What happens when the helpers need help?
“911. Do you require police, ambulance or fire?”
Former 911 operator Rae-Lynne Dicks said these words thousands of times during her 10-year career.
She listened to the screams of domestic abuse victims as they cried for her help and the quietly desperate words of sexual assault victims who had been brutally beaten.
She listened to the last words of fire victims waiting to be rescued and she convinced homicide suspects to stay on the phone with her until police arrived to arrest them.
She talked a suicidal man, barricaded in his home, out to safety.
Now living with Post-Traumatic Stress Disorder (PTSD), Dicks will share her experiences in healing and post-traumatic growth at an upcoming symposium on mental health and first responders at Kwantlen Polytechnic University (KPU) later this month.
“Too often, first responders, and particularly 911 operators, suffer in silence,” said Dicks, who is also a KPU alumna.
“The point of this conference is to provide a venue at which students, first responders, professionals, faculty, and members of the community can come together to share our knowledge, resources and support one another.”
Connections in First Responder Mental Health is jointly organized by the criminology department at KPU and Badge of Life Canada, a non-profit volunteer organization committed to supporting police and corrections personnel dealing with the psychological injuries suffered in the line of duty.
Badge of Life also has a mandate to advance the public’s understanding of operational stress injuries, including post-traumatic stress and suicide prevention.
“We’re trying to spread awareness of the realities of PTSD; that support and treatment are available, and PTSD does not have to end in suicide,” said Alana Abramson, a criminology instructor at KPU helping to organize the conference.
PTSD increases risks of aggression, self-harm, suicide, depression, anxiety, relationship breakdowns, substance misuse and other health issues.
First responders – 911 operators, police officers, firefighters, paramedics, social workers, emergency room personnel, correctional officers and victims services workers – often suffer in silence with PTSD.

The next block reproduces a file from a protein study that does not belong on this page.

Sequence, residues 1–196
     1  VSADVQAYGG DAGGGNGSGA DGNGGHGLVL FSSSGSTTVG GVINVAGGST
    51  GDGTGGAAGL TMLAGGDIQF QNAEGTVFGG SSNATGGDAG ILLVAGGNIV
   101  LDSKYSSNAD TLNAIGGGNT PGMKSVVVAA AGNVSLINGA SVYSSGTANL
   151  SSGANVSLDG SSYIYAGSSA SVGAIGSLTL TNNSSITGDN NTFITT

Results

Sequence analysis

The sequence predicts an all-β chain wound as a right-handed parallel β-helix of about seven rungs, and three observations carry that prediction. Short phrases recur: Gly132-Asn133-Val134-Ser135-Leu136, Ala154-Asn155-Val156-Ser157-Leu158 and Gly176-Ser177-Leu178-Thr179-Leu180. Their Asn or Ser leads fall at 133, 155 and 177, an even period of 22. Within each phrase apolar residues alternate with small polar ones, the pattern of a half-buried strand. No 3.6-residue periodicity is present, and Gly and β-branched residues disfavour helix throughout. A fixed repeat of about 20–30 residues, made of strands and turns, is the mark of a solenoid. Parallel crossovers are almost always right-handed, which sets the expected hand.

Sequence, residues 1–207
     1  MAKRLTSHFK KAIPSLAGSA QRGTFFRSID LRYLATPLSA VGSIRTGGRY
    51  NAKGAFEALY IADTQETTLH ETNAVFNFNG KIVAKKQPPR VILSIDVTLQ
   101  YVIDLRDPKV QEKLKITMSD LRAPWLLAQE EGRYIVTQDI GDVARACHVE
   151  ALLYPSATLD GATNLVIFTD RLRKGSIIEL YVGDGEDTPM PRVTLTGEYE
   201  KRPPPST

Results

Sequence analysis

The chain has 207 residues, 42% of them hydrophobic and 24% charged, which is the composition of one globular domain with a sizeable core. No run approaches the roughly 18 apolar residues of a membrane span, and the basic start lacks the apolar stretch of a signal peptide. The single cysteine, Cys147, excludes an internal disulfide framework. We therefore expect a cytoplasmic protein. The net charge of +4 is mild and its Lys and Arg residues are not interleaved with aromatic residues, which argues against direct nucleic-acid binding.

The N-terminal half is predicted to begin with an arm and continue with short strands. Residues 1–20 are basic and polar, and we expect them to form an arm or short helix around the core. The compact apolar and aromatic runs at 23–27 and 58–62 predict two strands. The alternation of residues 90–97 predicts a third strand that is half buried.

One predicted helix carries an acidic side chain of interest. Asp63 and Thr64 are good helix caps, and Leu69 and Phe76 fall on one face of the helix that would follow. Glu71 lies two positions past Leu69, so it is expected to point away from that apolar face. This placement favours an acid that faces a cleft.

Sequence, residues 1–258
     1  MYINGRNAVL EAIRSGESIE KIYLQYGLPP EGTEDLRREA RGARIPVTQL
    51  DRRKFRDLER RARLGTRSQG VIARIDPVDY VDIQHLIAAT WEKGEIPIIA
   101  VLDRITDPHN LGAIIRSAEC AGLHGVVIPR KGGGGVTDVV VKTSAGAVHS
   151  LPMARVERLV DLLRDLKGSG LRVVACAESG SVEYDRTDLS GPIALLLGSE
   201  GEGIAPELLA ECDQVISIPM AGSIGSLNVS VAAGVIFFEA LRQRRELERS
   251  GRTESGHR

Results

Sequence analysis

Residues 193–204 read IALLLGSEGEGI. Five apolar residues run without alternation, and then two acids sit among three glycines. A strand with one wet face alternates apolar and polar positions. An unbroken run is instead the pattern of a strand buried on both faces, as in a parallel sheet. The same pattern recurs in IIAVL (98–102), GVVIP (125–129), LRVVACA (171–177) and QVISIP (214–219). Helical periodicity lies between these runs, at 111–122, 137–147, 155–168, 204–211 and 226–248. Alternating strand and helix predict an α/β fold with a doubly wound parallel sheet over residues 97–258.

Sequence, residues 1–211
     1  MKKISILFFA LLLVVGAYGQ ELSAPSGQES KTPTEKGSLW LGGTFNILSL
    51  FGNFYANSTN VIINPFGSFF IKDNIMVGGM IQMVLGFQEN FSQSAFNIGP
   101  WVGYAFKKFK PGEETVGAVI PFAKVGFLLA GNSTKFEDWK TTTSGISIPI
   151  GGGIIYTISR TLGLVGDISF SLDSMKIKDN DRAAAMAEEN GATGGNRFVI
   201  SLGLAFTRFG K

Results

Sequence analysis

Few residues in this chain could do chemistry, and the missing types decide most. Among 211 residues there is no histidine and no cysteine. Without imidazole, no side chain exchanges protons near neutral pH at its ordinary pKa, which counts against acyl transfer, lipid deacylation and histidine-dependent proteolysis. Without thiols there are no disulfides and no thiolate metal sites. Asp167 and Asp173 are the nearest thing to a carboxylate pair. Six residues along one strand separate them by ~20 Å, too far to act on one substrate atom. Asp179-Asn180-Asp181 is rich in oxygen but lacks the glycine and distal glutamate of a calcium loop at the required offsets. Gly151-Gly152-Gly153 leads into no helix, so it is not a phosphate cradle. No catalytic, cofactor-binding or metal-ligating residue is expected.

Dicks graduated from the public safety communications program at KPU in 1993 and worked as a 911 operator for 10 years before developing the condition.
Her work took her into the depths of other peoples’ despair until she could no longer hear their stories or function as a human being.
Unable to do the job she loved, Dicks sank into a major depression and was suicidal for two years. She credits her cat, Tomi, for her survival. Tomi refused to leave her alone and set her on the path to healing.
Dicks became a legal secretary before returning to KPU for an associated arts degree in criminology in 2011, and a bachelor of arts degree in 2012.
In addition to being a three-time alumna – four if you count earning her Dogwood diploma through the adult basic education program in 1991 – Dicks remains connected to KPU by returning every semester to share her story with criminology students.
In addition to her personal insight, Dicks, who went on to get a masters degree in criminal justice from the University of the Fraser Valley, will share the results of her 2014 master’s research on PTSD among 911 operators across Canada.
“It is the helplessness of being on the phone, help is on the way, and there is nothing more you can do but listen to a person take their last breath full of smoke, hear them scream as they fall and then hit the water, hear the gunshot from the weapon pointed at their own head, hear the daddy beating mommy as you try to calm the child hiding in the closet and mommy stops screaming because she is unconscious,” wrote Dicks in her work – the first research in Canada on the prevalence of PTSD among Canadian 911 operators.
She surveyed 146 operators, 80.14 per cent of whom reported at least one PTSD symptom. Of those, 43 per cent said they used alcohol or drugs to cope with their symptoms.
“I am absolutely passionate about breaking the silence surrounding mental health and stress-related injuries for first responders and I firmly believe that those of us with lived experience have much to contribute to the conversations and the change of the status quo,” said Dicks.
Connections in First Responder Mental Health is set for Feb. 23-24 at KPU’s Surrey campus, 12666 72 Ave.
The trauma-related experiences and healing journeys of first responders will be shared, along with current research and treatment methods that promote health following trauma.
Tickets are available for one or both days of the conference, ranging from $5 for students for one day, to $150 for professionals for both days. Financial assistance may be available for those who require support to attend.
For more information, including a full schedule of events and to buy tickets and register, visit http://bit.ly/2juWJcQ